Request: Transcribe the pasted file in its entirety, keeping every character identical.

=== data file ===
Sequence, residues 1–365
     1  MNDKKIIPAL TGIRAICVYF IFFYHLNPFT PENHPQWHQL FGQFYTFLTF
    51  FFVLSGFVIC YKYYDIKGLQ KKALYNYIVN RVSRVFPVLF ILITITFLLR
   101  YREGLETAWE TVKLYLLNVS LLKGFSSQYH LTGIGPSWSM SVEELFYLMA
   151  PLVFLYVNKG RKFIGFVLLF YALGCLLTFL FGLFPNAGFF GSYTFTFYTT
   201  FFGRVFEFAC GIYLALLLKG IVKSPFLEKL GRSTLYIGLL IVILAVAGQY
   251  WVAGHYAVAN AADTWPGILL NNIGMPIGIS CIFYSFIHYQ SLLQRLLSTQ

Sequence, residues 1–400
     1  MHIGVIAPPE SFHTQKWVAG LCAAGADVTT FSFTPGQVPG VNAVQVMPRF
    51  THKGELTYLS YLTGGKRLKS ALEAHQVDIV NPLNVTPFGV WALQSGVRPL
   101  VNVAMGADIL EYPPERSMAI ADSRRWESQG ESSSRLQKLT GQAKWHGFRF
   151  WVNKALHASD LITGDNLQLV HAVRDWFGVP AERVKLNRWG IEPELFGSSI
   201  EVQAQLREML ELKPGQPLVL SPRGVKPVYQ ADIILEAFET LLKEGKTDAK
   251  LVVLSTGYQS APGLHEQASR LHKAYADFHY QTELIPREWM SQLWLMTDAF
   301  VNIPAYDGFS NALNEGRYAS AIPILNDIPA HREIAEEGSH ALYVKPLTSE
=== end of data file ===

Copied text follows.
Sequence, residues 1–365
     1  MNDKKIIPAL TGIRAICVYF IFFYHLNPFT PENHPQWHQL FGQFYTFLTF
    51  FFVLSGFVIC YKYYDIKGLQ KKALYNYIVN RVSRVFPVLF ILITITFLLR
   101  YREGLETAWE TVKLYLLNVS LLKGFSSQYH LTGIGPSWSM SVEELFYLMA
   151  PLVFLYVNKG RKFIGFVLLF YALGCLLTFL FGLFPNAGFF GSYTFTFYTT
   201  FFGRVFEFAC GIYLALLLKG IVKSPFLEKL GRSTLYIGLL IVILAVAGQY
   251  WVAGHYAVAN AADTWPGILL NNIGMPIGIS CIFYSFIHYQ SLLQRLLSTQ

Sequence, residues 1–400
     1  MHIGVIAPPE SFHTQKWVAG LCAAGADVTT FSFTPGQVPG VNAVQVMPRF
    51  THKGELTYLS YLTGGKRLKS ALEAHQVDIV NPLNVTPFGV WALQSGVRPL
   101  VNVAMGADIL EYPPERSMAI ADSRRWESQG ESSSRLQKLT GQAKWHGFRF
   151  WVNKALHASD LITGDNLQLV HAVRDWFGVP AERVKLNRWG IEPELFGSSI
   201  EVQAQLREML ELKPGQPLVL SPRGVKPVYQ ADIILEAFET LLKEGKTDAK
   251  LVVLSTGYQS APGLHEQASR LHKAYADFHY QTELIPREWM SQLWLMTDAF
   301  VNIPAYDGFS NALNEGRYAS AIPILNDIPA HREIAEEGSH ALYVKPLTSE